Grace whipped out a can of Lychee from the kitchen cabinet, and offered the fruit to the family. All of us were eager to dig into the can that had been sitting unopened for nearly three days. It truly took us that long to find a can opener.
My sister snagged a fork from the silverware, and plopped down on the couch. The can was passed around for bit, all of us stuffing our faces.
It seemed like a good idea at the time to use my hands rather than a utensil, but hindsight is 20-20. Suddenly, the base of my right middle finger slide across the cold, and rigid top of the container, opening up my skin like a zipper.
I rushed up, and tore a paper towel from the roll, clasping it against a cut that was now bleeding profusely. Mom refused to look. Quickly I scanned it over. It was unnervingly deep.
That determined the next four hours- binging on youtube videos in the emergency room, while clamping a scrap of cotton against the open wound.
“You’re not going to be able to swim for about two weeks.” The doctor said, wrapping the bandages about the scar.
Four stitches, and my own personal finger splint was what I walked out with that day. It was excruciating. Each day, I was forced to stay on land, while my siblings snorkeled out in the water.
Although I can’t complain. It’s been gorgeous, sunny, and warm. The stitches have started to make me appreciate the beach rather than just the sea, and it’s nice to unwind sometimes.
Joshua and Grace seem to be having a blast as well. They saw an octopus while snorkeling, and claimed to have seen it camouflage.
After twelve days, the stitches were off- done by the handy work of fingernail clippers.
As my first swim, us and a few friends set out for a scuba diving trip. We went night diving at a local reef called fisheye- with these huge dips in the sand. The dips are called Piti Bomb Holes, which may or not have been caused by bombs during WWII. The cause is still under debate.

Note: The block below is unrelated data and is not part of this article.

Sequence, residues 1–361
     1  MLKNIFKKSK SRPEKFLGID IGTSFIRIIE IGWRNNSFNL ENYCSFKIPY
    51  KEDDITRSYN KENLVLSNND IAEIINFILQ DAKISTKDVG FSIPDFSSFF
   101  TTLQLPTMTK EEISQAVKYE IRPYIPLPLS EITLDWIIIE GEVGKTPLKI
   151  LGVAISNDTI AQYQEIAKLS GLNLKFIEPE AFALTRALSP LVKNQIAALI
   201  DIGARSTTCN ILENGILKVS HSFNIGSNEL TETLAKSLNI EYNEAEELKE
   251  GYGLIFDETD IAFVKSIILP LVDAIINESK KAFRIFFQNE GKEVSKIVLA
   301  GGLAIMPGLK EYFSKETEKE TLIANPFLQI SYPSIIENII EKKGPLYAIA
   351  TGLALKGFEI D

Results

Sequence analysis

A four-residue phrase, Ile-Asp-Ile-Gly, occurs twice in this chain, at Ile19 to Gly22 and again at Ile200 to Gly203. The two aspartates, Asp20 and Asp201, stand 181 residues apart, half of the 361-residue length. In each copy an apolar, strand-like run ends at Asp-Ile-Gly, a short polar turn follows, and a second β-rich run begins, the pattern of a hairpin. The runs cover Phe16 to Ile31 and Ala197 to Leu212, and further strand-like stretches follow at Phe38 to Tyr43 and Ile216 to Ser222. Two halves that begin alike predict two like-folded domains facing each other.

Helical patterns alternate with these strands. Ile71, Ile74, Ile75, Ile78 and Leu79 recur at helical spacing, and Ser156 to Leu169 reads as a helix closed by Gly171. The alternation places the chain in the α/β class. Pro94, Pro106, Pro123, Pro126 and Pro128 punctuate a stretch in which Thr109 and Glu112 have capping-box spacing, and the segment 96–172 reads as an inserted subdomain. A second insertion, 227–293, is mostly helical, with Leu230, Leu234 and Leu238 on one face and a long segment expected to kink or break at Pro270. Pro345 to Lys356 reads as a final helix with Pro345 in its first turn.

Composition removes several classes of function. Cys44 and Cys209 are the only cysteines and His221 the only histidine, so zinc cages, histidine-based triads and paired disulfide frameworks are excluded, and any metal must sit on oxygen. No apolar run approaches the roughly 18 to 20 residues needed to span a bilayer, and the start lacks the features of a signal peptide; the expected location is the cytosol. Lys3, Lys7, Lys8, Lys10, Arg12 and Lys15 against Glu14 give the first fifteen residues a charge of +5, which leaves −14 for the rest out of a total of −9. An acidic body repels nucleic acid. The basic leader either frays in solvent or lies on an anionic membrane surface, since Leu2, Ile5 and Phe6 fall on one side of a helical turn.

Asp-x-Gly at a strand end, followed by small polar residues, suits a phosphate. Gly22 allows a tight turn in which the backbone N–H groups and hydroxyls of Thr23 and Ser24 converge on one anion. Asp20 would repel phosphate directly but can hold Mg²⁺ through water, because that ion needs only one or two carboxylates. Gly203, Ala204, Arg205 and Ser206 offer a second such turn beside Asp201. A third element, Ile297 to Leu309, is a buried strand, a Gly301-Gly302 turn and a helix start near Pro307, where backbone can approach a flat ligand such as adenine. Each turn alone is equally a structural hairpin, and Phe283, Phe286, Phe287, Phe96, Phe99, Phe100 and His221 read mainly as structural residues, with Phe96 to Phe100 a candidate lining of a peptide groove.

Fun fact- a barracuda used to live around this reef, but there were accounts of it biting fingers off, so the authorities had to put it down.
The dive was eerie, the water was black, and the only illumination was the projection of our flashlights, and the shimmer of the moon. Everything felt more alive than it does in the day. Plankton, and shrimp, swarmed like clouds in the water. Coral displayed their fans swaying in the sea, as they feed off of passing food. Creatures that are hard to find in the day, swiftly dart from the beam of our lights.
By the start of the dive, we saw a solitary lionfish, resting in the open sand.
During the swim, there were long spiked sea snakes tangling their way through the coral, moving leisurely with each pulse of the body. We found a tiny puffer fish hiding in the coral.
We were nearing the end, and preparing for our ascent, when through the dark, a flashlight was strobing back and forth. We jetted forward to see what the diver had found. Hard to find, but present, was a Moray Eel, weaving seamlessly in and out of the reefs crevices. You could see it’s back- dark, dark green, speckled black.
It stuck out it’s head for just a fleeting moment, checking us out, and then flashed back into the rocks.
On our walk through the shallows, a Snowflake Eel popped out at us, not the least bit shy and swam towards. It was small, and white (hence the name).
As we were coming up on shore, we turned around as saw the other diving group.
“There were four octopuses!” They shouted.